Posts Tagged ‘dog adoption’

Happy National Dog Day!

Today, August 26, is National Dog Day.

I am re-posting from 2010 when we adopted our perfect rescued companion, Cooper, from a shelter we love in Connecticut. Since then, we also adopted Finn, the big blond bruiser whose picture follows (also from the same Connecticut shelter–links below). They are the best wrestling-tumbling-chasing-did-I-mention-wrestling-love-buckets on the planet.

Shelter Dog

This weekend, we went and adopted our own magnificent Black Dog from the amazing volunteers at the Danbury Animal Welfare Society. DAWS is a non-profit (they could sure use your support/donations–easy to do at the link here), no kill shelter, and is truly run by the most loving, caring volunteers. They made every individual and family member who came over the weekend (and it was super busy–the first spring-like weekend of the year with warm weather and sunshine) feel that among the busy buzz, they were important and maybe the perfect home for one of their adult dogs or puppies.

Our boy, Cooper, is a 2-year-old lab/shepherd…and Lassie, Rin Tin Tin, Scooby Doo, and Snoopy combined ain’t got nothing on him. He is brilliant, and has found his last, forever home…and has truly honored us by being part of our pack.

I promise you there is a shelter near you that needs volunteer help. It is unheard of to have too many volunteers and regulars tend to be spread awfully thin. Wouldn’t it be a brilliant way to spend a morning or afternoon, bringing families together?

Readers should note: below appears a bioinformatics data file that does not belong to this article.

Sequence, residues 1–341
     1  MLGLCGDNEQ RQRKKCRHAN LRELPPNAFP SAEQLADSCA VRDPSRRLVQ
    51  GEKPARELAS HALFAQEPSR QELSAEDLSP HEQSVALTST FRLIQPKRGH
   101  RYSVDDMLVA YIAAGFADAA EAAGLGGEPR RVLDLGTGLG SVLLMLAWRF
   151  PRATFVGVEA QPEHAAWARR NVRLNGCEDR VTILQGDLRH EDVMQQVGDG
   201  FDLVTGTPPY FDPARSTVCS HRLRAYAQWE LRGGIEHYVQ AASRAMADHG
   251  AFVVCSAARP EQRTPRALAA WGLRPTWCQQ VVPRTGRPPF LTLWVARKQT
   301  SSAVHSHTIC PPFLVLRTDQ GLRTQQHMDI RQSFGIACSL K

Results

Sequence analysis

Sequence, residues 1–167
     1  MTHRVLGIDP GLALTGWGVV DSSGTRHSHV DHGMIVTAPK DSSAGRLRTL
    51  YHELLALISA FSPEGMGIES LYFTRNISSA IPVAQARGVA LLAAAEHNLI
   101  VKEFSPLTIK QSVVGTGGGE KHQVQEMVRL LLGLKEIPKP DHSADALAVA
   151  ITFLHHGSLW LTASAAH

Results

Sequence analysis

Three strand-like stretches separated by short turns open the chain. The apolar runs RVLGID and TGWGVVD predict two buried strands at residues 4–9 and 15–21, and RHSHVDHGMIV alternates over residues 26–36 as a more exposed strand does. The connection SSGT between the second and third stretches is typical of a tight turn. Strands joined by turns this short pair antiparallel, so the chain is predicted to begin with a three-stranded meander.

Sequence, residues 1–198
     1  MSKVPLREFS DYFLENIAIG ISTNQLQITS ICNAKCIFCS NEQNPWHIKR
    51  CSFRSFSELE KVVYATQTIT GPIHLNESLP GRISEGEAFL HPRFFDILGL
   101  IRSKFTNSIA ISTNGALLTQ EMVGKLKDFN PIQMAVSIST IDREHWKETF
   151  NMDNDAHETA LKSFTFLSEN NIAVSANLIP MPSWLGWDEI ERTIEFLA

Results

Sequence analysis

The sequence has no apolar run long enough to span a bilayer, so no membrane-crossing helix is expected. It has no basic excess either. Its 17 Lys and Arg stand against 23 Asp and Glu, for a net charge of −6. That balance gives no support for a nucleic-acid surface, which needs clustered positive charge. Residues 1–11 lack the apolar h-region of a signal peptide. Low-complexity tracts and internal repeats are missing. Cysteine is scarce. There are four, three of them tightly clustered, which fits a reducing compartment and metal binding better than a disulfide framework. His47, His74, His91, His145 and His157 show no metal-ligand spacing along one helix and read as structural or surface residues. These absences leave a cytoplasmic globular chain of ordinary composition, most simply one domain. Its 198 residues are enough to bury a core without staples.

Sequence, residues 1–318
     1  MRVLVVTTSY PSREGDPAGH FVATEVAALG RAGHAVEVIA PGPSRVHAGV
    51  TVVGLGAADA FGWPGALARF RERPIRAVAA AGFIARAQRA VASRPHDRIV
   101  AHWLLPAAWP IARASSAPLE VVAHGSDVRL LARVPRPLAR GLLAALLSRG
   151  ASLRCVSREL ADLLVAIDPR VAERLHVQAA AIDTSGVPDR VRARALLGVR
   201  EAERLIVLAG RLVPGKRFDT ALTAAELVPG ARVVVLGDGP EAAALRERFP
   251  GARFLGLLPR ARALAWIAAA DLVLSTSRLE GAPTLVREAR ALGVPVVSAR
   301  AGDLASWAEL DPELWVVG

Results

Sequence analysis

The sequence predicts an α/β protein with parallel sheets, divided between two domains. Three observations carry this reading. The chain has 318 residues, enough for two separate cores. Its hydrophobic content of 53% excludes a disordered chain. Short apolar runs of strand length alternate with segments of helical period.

What Happened to Gus Kenworthy and the Sochi Rescue Puppies?

Gus Kenworthy and Puppies of Sochi, image: Twitter @guskenworthy

Gus Kenworthy and Puppies of Sochi, image: Twitter @guskenworthy

Remember when Olympic freestyle skier Gus Kenworthy just about broke the Internet with his mission to rescue stray pups from the streets of Sochi, Russia? His Silver Medal performance took a back seat to the adoption ordeal as he tried to spring a few dogs from the Olympic Games host city’s men streets.

It took nearly a month, but with the help of his friend, Robin Macdonald, they were eventually able to get a few dogs back to America—a mother dog and her four offspring. A fifth littermate died before getting here, but the others were not stopped at the US border (like refugee children) and they are now part of the athlete’s inner circle. Kenworthy kept it a family affair, keeping two pups himself, Mishka and Jake, giving two to his brother, and the mother dog was adopted by Gus’ mom.

A quick spin around social media yields lots of recent pictures of Gus and his four-legged compadres (speaking of Padres–Kenworthy just threw out the opening pitch at a San Diego Padres baseball game–the evening was hosted by Petco adoption initiatives, called “The Dog Days of Summer.”)

When it is time to add some canine companionship to your family, be a true hero, like Kenworthy, and adopt, don’t shop, for a dog. Buying from large breeders feeds the cruel and inhumane puppy mill system, and is, in more cases than not, actually an irresponsible way to get a dog. Rescuing is the only way to go–and you will be rightfully proud for doing something amazing for dogs.


Puppies for Parole

The Missouri Department of Corrections has created a program that benefits shelter dogs and incarcerated offenders. Inmates work with abandoned dogs that are available for adoption, doing obedience training and socialization work as part of their rehabilitation work, ending with dogs that become more desirable for placement in loving homes, and a prisoner population with a new element of humaneness and prep for release while also serving the community by serving the dogs. The Puppies for Parole program is a win/win for all involved, and the director of the program has noted huge strides in offender conduct and responsibility, and even staff morale…as we know, having great loving dogs around is always good for the soul. Puppies for Parole has even put special focus on hearing impaired dogs who are extra difficult to place for adoption, teaching them sign language, and then delivering them to programs and schools for deaf children.